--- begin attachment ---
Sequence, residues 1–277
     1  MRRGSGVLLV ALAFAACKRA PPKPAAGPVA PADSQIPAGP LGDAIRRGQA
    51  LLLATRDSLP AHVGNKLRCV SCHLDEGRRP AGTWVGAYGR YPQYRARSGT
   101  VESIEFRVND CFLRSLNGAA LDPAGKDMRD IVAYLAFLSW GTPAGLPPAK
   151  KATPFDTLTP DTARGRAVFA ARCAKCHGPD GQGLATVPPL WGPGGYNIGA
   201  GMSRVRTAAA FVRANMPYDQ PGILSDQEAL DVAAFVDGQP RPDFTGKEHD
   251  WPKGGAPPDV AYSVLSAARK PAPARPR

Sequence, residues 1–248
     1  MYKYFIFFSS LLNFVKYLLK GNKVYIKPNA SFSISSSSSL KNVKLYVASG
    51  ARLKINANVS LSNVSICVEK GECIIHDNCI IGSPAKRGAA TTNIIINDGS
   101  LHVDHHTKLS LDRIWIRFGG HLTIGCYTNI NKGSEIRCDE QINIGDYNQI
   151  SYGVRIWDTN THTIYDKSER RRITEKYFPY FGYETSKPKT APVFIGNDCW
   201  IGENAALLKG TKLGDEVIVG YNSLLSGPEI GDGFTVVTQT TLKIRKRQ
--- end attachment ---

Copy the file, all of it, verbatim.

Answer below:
Sequence, residues 1–277
     1  MRRGSGVLLV ALAFAACKRA PPKPAAGPVA PADSQIPAGP LGDAIRRGQA
    51  LLLATRDSLP AHVGNKLRCV SCHLDEGRRP AGTWVGAYGR YPQYRARSGT
   101  VESIEFRVND CFLRSLNGAA LDPAGKDMRD IVAYLAFLSW GTPAGLPPAK
   151  KATPFDTLTP DTARGRAVFA ARCAKCHGPD GQGLATVPPL WGPGGYNIGA
   201  GMSRVRTAAA FVRANMPYDQ PGILSDQEAL DVAAFVDGQP RPDFTGKEHD
   251  WPKGGAPPDV AYSVLSAARK PAPARPR

Sequence, residues 1–248
     1  MYKYFIFFSS LLNFVKYLLK GNKVYIKPNA SFSISSSSSL KNVKLYVASG
    51  ARLKINANVS LSNVSICVEK GECIIHDNCI IGSPAKRGAA TTNIIINDGS
   101  LHVDHHTKLS LDRIWIRFGG HLTIGCYTNI NKGSEIRCDE QINIGDYNQI
   151  SYGVRIWDTN THTIYDKSER RRITEKYFPY FGYETSKPKT APVFIGNDCW
   201  IGENAALLKG TKLGDEVIVG YNSLLSGPEI GDGFTVVTQT TLKIRKRQ